From Senior Citizen to Senior Fit-izen: Aerobic Exercise for the Over-60 Set
Just like virtue, exercise is its very own reward, and adhering to a regular fitness routine can help you feel as strong as you did back when JFK was president. The cornerstone of any senior fitness program should be aerobic exercise. As we age, we need to seek out activities like running, dancing, or playing tennis. Anything that pumps oxygen into our systems and works our heart and lungs can help turn age into just another number.
Improved health is literally at the heart of the benefits of aerobic exercise. Daily, or even bi-weekly, workouts strengthen the heart muscle, lower cholesterol, and reduce hypertension.
The great news? You don't have to run a marathon, or even a 5k, to see results. A Harvard University study of 72,000 women found that only three hours of brisk walking a week trimmed heart disease risk by 40%, and another study of 2,700 men in Hawaii found that walking just 1.5 miles per day made them half as likely to develop heart trouble as men who rarely walked.
Stretch your mental muscles
Exercise not only keeps your muscles toned—it helps keep your brain fit. A six-year study of adults over 55 in the Journal of the American Geriatric Society reported that people who were physically fit at the beginning of the study scored better on mental function tests six years later than people who didn't exercise regularly.
Another study found that walking six or more miles a week (that’s fewer than one per day!) helped prevent the onset of Alzheimer's. In the first ten years of a 20-year study of older adults, researchers also found that participants who already had Alzheimer's were able to preserve the brain's key memory and learning centers for at least a decade by walking just five miles a week.
In addition to memory benefits, a daily walk around the block or a jog through the park can raise self-esteem, ease anxiety, and reduce stress and mild symptoms of depression. And a study of 156 severely depressed men and women over 50 by Duke University found that four months of aerobic exercise were as effective in alleviating some symptoms of depression as a four-month regimen of antidepressants.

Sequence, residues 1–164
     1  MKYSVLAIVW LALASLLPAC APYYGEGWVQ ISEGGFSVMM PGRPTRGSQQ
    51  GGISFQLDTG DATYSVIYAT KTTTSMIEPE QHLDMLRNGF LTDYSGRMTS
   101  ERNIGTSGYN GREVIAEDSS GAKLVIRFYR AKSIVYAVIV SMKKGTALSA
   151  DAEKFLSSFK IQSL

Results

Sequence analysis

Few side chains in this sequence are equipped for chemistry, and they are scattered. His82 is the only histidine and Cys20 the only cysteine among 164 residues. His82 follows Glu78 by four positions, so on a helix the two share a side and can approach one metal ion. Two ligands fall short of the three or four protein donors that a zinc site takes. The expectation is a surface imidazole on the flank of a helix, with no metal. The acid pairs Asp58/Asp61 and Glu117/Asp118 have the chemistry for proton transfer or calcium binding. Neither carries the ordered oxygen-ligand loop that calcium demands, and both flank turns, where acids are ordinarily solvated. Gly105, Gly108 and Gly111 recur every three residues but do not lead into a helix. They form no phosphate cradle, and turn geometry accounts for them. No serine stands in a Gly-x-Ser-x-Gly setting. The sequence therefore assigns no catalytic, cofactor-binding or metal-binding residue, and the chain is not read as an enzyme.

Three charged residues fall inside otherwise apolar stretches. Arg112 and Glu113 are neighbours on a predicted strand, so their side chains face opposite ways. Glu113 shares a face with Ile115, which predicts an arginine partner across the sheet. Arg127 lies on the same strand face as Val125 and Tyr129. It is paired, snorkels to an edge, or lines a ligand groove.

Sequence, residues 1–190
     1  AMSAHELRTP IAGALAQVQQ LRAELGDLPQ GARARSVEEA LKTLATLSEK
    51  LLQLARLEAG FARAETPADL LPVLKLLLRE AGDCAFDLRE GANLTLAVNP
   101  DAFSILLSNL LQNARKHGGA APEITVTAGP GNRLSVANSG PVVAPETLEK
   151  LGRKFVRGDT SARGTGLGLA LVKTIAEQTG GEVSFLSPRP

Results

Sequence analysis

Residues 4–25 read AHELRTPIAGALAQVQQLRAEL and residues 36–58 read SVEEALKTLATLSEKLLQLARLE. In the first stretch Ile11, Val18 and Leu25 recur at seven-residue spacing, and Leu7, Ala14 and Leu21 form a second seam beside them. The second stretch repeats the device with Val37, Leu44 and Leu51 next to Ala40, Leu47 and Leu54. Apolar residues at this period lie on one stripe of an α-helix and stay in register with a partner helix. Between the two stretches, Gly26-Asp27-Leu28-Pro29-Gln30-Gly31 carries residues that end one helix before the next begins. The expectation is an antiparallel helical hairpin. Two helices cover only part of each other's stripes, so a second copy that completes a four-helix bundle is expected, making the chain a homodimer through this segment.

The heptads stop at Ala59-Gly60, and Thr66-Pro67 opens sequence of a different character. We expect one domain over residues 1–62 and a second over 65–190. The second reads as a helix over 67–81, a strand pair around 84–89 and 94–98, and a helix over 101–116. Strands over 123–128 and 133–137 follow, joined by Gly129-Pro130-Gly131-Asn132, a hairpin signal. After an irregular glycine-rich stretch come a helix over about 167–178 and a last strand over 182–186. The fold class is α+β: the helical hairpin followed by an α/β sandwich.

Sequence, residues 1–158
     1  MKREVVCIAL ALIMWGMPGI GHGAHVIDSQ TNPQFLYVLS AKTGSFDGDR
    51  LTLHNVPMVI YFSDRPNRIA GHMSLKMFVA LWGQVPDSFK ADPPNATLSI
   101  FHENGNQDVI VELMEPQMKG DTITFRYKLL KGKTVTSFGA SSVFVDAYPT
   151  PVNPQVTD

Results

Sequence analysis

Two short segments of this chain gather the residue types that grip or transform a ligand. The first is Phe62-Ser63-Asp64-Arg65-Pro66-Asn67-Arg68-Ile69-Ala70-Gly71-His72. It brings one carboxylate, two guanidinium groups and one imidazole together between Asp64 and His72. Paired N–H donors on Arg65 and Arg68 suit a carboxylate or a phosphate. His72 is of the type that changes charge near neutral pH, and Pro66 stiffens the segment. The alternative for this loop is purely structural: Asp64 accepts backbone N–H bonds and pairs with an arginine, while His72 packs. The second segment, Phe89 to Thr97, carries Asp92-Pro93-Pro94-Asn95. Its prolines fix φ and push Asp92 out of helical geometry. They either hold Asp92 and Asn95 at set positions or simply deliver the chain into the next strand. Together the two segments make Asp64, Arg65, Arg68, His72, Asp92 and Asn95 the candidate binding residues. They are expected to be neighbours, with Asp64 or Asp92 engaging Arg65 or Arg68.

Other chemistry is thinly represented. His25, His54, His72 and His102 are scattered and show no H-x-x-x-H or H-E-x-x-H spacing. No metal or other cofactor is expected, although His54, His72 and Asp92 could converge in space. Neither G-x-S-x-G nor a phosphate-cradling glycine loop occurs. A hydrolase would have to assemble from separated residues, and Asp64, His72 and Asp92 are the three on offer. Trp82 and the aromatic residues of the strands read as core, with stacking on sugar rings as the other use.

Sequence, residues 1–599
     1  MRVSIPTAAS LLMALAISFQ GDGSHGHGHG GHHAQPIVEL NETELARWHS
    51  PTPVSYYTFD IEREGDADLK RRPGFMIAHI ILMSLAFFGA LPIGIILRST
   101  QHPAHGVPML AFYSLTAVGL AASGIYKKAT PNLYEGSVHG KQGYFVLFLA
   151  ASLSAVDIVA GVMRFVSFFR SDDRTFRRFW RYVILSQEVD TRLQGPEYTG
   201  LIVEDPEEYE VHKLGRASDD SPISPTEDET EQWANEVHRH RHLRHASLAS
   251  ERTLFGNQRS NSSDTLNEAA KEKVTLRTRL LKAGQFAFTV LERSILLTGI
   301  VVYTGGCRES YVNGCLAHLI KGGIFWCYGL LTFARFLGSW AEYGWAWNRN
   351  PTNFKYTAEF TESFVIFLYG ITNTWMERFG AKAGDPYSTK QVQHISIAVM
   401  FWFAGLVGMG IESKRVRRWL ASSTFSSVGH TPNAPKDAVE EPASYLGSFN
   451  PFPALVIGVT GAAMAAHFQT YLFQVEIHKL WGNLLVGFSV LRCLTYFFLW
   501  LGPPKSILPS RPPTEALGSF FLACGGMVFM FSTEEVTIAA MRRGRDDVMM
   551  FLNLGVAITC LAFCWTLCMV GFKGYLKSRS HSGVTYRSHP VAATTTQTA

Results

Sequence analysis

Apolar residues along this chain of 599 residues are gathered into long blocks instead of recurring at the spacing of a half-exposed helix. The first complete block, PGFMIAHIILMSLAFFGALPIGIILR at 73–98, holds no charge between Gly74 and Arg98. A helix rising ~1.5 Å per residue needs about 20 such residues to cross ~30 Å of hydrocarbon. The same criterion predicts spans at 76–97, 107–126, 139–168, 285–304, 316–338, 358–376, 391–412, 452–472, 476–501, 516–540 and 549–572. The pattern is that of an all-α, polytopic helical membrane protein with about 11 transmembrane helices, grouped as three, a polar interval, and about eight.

Where to start?
The first rule of exercise is to make sure you love whatever you choose to do. Competitive? Try taking on a friend in tennis. More contemplative? Opt for a quiet walk or hike.
Your body will also help you choose. For example, if you suffer from arthritis, swimming may be the best option for a pain-free workout. Whatever activity you choose, try to maintain your target heart rate for at half an hour at least three times each week.
It’s always smart to get the all-clear from your physician before starting any vigorous exercise program, but even if you only plan to do a few laps around the block, you should check with your doctor if you have high blood pressure, diabetes, a history of heart attacks, irregular heartbeat, heart disease, chest pains, shortness of breath, or recent unexplained weight loss.
As always, common sense is king. Stay hydrated by drink lots of water before and after exercising. Avoid vigorous workouts in high heat or poor air quality. See a doctor right away if you feel dizzy, nauseated, disoriented, or unable to speak.
Watch for other serious signs of overexertion, including chest pains or pain in your upper back, left shoulder, or arm. Start and end each workout by stretching. And don't forget the most important step: Pat yourself on the back for dipping a toe into the fountain of youth.
Having written for companies ranging from MTV to the Olympics, Valerie Henderson spearheads Carewell's communications and PR efforts. A resident of Park City, Utah, Valerie enjoys four of the things her region is famous for: hiking, independent film, a house full of kids, and weak beer.